4. Are Turkey trays recyclable?
Yes, you can. But you need to know which ones.
Now you can find paper-based tray options which have emerged in line with the low plastic mindsets being practiced by many. Some are over 90% composed of paper material, resulting in drastically less plastic being used each year. All states are able to recycle these as well. That means less waste going into landfills and oceans.
5. Save off-cuts for future meals
Why not try freezing some of your trimmings and off-cuts to experiment with later. In the winter months they can be used in a stew or even be blended into a soup. Scraps can also be reused in other recipes, you’d be surprised with some of the options out there. You can always add butter and garlic to potato peelings and bake them in the oven as a snack as one example.
6. Store food the right way
A lot of resources and effort go into bringing food to our table, from water for irrigation to fuel for transportation and logistics – they all come with a greater cost unless they’re homegrown. We should all keep this in mind when filling our baskets for the holiday so we don’t make any unnecessary deposits into landfill.
As an example, any meats should be consumed within several days after being cooked, whereas storing in the freezer will preserve them for months.
7. Composting thanksgiving waste
At first it may feel odd to hang onto food trimmings from your kitchen counter. Typically, we call these scraps, but it turns out they can have more uses than simply going into other dishes. Composting waste from our kitchens is as simple as mixing old food into the soil to provide nutrients and improve the dirt quality, or even use a 3-stage compost bin to break down tougher materials such as recyclable plastics.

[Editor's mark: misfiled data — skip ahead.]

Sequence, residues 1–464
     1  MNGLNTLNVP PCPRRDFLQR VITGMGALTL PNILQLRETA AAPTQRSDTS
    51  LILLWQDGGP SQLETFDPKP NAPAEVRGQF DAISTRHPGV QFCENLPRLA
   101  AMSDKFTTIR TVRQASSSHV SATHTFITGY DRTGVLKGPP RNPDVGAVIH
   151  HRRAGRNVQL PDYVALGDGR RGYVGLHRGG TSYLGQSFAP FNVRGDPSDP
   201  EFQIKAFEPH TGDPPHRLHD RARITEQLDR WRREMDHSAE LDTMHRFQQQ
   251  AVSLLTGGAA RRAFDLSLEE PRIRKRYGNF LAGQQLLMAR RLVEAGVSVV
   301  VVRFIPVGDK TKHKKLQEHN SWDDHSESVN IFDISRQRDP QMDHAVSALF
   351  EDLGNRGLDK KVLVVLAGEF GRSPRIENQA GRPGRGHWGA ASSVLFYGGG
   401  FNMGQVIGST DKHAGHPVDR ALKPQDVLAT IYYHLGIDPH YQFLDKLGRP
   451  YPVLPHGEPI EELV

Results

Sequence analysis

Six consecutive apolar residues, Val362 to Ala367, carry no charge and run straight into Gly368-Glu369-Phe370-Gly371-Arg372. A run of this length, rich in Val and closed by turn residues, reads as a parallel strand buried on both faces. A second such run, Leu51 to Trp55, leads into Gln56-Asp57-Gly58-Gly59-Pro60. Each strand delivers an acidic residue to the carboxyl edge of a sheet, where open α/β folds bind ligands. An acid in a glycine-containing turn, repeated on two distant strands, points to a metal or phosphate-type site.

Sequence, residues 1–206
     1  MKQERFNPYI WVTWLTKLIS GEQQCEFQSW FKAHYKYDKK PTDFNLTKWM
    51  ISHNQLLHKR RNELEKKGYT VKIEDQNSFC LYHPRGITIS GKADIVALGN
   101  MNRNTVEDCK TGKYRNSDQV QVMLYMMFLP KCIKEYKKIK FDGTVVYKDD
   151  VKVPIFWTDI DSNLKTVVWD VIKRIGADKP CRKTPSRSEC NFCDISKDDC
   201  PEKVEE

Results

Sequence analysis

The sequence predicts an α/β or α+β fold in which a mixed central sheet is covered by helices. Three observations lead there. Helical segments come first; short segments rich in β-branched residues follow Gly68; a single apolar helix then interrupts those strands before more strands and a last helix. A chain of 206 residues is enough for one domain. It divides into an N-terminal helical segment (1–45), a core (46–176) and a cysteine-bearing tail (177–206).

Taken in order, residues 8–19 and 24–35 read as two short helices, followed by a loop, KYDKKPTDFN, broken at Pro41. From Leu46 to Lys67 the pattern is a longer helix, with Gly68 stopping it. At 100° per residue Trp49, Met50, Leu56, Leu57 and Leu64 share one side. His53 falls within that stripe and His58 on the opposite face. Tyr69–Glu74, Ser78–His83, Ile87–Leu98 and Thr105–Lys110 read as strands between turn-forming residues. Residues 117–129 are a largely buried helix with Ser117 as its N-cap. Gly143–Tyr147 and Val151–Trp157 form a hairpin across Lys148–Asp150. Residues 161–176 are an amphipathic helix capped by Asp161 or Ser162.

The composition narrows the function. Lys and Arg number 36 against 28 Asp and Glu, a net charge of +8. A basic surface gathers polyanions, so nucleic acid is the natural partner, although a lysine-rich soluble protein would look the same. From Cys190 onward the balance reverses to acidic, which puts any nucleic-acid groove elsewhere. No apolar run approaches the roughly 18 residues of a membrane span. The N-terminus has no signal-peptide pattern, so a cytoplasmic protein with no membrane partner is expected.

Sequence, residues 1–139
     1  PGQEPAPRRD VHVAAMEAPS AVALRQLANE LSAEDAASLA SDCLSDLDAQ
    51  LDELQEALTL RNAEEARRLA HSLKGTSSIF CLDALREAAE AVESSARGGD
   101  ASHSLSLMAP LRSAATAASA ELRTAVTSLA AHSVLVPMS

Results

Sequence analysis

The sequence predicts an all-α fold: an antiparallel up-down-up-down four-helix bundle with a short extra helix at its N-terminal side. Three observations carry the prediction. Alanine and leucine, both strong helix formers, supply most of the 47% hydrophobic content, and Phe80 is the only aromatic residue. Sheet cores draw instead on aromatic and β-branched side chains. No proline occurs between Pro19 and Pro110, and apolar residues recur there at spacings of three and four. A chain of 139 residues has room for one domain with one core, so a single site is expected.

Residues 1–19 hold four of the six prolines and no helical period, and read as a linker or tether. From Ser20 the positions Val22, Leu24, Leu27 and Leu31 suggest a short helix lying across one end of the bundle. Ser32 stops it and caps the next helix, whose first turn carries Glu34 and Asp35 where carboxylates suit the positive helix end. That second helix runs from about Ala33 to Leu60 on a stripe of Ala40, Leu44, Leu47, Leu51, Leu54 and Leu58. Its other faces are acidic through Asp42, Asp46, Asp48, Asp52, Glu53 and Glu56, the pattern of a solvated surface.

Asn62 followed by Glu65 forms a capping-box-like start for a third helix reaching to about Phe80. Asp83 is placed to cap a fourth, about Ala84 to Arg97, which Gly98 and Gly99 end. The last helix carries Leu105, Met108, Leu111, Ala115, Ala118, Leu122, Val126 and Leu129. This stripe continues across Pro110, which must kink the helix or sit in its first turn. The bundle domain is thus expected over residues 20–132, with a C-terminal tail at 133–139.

The end result leaves you with nutrient rich soil that improve plant quality as well as retain moisture in the soil.
8. Store or give away thanksgiving leftovers
Recycle thanksgiving food leftovers by placing them into clear containers and marking the dates when they are stored – use a guide for checking when they should be consumed at the latest. By placing them in clear containers you are less likely to forget about them as they serve as a visual reminder. If you are running late for work or you don’t have time to prepare, these stored meals can be a lifesaver – no more lunching from the vending machine!.
How reducing thanksgiving waste can help save the environment
We all know how harmful food waste can be to livestock and the environment. We’ve also looked into the actions we can take to control the amount of thanksgiving food waste. Here’s a few more benefits of following the above steps.
- Waste less resources – Thanksgiving food waste results in spent water, fuel, electricity, labour, pesticides, land space, and fertilizers used to produce the food. When we throw thanksgiving food away, we are wasting much more than we think.
- Reduces methane from landfill sites– Any food waste sent to landfill sites might as well be launched into space as the nutrients never reach the soil layer and recycle these nutrients.
- Returns nutrients to the ground – If you’re unable to reduce thanksgiving food wastage you may always try composting. Through sending food to composting facilities as opposed to throwing them into disposal bins you are returning nutrients into the soil to grow better crops. By adding to construction sites, composting facilities and fertilizer production we are contributing to a more sustainable system for the future.